By Jamie Swinnerton
By Mark Antonation
By Lori Midson
By Jonathan Shikes
By Amber Taufen
By Cafe Society
By Juliet Wittman
By Jonathan Shikes
This has been a helluva year for restaurants, full of adventures and tragedies, good times and bad. Although the rest of the economy continued to bump along, the restaurant economy picked up in a big way -- and for reasons that no one has yet been able to adequately explain to me. Some guys who made no money in 2005 suddenly started seeing a little green. And some guys who were already making a little money started making a lot. But many of my personal bests -- from a midwinter hunt for an illegal house restaurant to a big dinner at the Palace Arms -- were simply priceless.
What follows is a month-by-month recap, my highlight reel -- like one of those videotapes they advertise for sale on TV at three in the morning: World's Greatest Car Chases, World's Bloodiest Circus Accidents. Only in this case, we're talking about restaurants: Denver's Most Notable Industry Moments, 2006. But that doesn't preclude a good car chase, of course...;
January kicked off with the closure of Mao, the Sullivan Restaurant Group's big bid to dominate Cherry Creek, which later resurfaced as Ocean. Around the corner, at 250 Josephine Street, Chris and Keri Douglas opened Tula -- a good restaurant at an address that has swallowed many other concepts. One was Larry Herz's Go Fish Grille; Herz, who'd vowed to "never open another restaurant again," started the year by leaving the gig he'd taken with the Kevin Taylor Restaurant Group. Another Cherry Creek venture, Steak au Poivre, failed to get traction during the holiday season and went belly-up, setting off a schizoid series of name changes and space divisions. It became Euro, split off half its square footage for Bar Luxe, brought on Olav Peterson as chef de cuisine -- and kept right on losing gobs of money.
2413 W. 32nd Ave.
Denver, CO 80211
Region: Northwest Denver
My year began with an epic quest for Ghanaian goat-nipple soup as photographer Mark Manger and I wandered the stranger quarters of Aurora's African immigrant neighborhoods, looking for a secret house restaurant on its last night of service ("Mama's House," January 5). This snowblind adventure had everything: danger, new friends, unusual hairdos, strange foods, plus hours and hours spent driving in circles, lost. Many cigarettes were smoked, many wrong turns taken. But it was one of my favorite stories from 2006 and one of the best nights of the year. It's so like me to peak early.
February began with another sort of quest, this one led by Sean Yontz and Jesse Morreale, who took me into the bowels of the All-Inn, the hotel that Morreale had bought on East Colfax Avenue. Perry's had occupied the main floor and basement of the place when it was the Executive Inn Motor Hotel, then been sealed off for three decades, pretty much forgotten until Yontz and Morreale opened a door one day and found the perfectly preserved spot waiting. Morreale has since resurrected the space as RockBar.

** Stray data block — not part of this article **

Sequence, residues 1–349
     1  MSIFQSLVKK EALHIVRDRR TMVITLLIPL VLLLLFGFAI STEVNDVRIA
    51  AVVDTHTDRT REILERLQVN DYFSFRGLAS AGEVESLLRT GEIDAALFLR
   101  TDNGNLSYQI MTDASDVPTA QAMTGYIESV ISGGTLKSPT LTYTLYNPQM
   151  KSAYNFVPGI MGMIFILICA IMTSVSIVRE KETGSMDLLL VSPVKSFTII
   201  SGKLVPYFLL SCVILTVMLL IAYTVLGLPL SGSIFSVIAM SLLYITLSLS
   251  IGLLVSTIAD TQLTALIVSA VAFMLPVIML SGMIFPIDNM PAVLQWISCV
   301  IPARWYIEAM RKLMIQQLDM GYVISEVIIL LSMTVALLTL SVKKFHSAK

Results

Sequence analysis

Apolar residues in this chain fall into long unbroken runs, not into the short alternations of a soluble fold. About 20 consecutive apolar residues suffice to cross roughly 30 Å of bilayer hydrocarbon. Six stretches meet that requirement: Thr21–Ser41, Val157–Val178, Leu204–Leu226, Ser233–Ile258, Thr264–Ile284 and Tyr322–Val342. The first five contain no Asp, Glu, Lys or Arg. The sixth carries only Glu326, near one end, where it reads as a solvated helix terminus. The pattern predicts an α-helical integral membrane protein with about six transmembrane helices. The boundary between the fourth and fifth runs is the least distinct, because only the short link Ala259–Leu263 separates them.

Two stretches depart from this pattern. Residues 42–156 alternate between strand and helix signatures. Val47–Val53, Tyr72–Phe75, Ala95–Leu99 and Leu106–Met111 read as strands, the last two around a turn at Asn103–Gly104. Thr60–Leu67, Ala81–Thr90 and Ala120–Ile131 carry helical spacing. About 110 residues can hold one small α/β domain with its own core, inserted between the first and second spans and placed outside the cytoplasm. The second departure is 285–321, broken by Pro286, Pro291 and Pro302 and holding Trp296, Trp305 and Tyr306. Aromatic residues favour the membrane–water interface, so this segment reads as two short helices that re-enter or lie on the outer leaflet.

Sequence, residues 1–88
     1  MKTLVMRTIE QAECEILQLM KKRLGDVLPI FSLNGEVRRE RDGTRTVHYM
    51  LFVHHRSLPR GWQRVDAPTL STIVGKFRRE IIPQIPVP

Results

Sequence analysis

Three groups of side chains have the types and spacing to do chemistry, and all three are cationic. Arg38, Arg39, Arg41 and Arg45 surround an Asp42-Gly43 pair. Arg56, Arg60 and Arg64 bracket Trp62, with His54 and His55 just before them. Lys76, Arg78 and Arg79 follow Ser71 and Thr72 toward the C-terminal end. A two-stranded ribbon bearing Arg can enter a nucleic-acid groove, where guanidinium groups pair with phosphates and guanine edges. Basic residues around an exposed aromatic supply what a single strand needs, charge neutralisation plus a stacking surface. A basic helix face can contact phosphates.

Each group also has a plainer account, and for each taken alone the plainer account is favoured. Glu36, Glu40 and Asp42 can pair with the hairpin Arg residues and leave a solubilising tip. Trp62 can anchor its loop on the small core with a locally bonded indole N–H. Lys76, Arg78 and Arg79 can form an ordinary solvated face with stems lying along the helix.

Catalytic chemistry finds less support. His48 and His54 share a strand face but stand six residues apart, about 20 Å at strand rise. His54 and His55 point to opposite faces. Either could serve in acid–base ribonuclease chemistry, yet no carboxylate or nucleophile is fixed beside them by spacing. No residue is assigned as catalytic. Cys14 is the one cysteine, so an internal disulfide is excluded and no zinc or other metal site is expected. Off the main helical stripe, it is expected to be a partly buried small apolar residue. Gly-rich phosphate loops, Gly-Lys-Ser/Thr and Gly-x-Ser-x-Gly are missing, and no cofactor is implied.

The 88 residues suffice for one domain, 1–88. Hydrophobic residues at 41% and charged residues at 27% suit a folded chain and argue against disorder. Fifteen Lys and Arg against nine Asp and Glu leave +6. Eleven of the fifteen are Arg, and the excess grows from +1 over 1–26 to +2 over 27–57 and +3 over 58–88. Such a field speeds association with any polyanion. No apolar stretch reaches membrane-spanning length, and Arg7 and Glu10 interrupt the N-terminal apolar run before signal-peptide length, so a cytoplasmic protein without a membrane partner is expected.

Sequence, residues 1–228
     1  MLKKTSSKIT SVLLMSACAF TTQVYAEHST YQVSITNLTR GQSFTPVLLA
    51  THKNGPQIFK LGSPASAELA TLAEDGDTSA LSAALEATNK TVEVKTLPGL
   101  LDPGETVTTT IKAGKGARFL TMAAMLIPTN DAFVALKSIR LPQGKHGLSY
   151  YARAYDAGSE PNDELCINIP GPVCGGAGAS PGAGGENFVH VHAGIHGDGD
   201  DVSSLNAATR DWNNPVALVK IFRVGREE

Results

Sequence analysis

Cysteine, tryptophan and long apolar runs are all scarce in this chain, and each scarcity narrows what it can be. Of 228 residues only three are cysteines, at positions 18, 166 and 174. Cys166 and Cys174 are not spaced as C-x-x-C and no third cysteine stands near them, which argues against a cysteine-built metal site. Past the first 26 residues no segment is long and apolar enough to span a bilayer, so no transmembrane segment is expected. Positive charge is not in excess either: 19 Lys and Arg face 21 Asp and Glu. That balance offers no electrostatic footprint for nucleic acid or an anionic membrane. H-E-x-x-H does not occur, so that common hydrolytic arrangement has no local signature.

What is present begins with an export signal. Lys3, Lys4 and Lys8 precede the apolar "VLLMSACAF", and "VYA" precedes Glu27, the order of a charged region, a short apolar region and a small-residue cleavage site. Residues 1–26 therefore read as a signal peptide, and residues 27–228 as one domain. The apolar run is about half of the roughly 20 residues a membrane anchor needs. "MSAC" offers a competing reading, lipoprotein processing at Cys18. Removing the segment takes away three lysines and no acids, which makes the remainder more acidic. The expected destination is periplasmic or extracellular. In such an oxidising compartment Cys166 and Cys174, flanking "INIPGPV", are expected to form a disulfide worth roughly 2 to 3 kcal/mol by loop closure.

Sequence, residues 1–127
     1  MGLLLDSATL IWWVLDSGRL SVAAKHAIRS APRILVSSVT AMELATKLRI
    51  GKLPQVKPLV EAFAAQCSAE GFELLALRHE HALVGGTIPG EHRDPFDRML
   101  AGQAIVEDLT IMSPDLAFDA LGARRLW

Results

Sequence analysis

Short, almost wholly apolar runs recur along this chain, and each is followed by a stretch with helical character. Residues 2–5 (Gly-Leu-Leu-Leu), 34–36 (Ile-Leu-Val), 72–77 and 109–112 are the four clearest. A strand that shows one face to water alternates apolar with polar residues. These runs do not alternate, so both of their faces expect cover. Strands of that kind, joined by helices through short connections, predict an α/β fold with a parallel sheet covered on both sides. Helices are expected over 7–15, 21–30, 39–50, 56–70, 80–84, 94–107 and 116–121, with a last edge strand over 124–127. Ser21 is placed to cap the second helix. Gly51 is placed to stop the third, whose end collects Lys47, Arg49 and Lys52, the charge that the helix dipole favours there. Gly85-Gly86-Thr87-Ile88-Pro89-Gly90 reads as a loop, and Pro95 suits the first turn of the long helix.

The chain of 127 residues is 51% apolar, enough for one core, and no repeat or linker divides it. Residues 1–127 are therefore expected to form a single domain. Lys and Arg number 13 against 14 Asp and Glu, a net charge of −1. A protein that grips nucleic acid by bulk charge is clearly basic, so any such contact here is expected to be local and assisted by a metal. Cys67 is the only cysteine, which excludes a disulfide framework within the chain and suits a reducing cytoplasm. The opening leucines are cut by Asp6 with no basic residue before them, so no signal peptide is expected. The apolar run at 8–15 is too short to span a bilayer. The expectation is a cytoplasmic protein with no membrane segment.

Later that month, Lola closed its location on South Pearl Street (it's now occupied by BB's Bistro) in preparation for a move to north Denver. Meanwhile, owner Dave Query got into a legal slap flight with a coffee shop on 15th Street over rights to the Lola name. Query won, and Lola (the coffee shop), went on to become Leela, then disappeared altogether before the year ended.
By March, the edge of Highland was becoming a very hot restaurant neighborhood, as I discovered when I managed to blow my cover in something like eight different ways during just one dinner at the excellent Duo ("Busted!" March 9). Over in Aurora, a new tenant -- Boudreaux's Bayou Buffet -- opened in a space at 12200 East Cornell that had already seen three restaurants come and go just in the time I'd lived in the neighborhood.
In April, Super Star Asian blew my fucking mind over and over again with the best dim sum I've ever had outside of a proper, big-city Chinatown ("Sum More, Please," April 6). I fell totally, completely head over heels in love with this place (an emotion that has not slacked one bit over the intervening months), and even went so far as to order my first bowl of shark fin soup there. It cost $46 and was sadly bland, so it will probably be my last bowl of shark fin soup as well.
Back in Cherry Creek, Euro was still going through rough times. But they weren't nearly as bad as they were on the east side of town, where Chapter One Bar-B-Que was sold, became Chapter Two Bar-B-Que and suddenly started sucking. And Boudreaux's closed after less than a month in business. But Lola got open at 1575 Boulder Street, and at least Query wasn't involved in the next name fight -- this one between Chris Douglas at Tula and lawyers representing Tamayo, who claimed that owner Richard Sandoval had invented the term "Modern Mexican" and that by calling his place "Tula Modern Mexican," Douglas was violating trademark. By my count, there were 117,998 Google hits for the phrase "Modern Mexican" -- and only two of them led to Sandoval's website, www.modernmexican.com -- but Douglas went ahead and dropped "Modern Mexican" from Tula's name.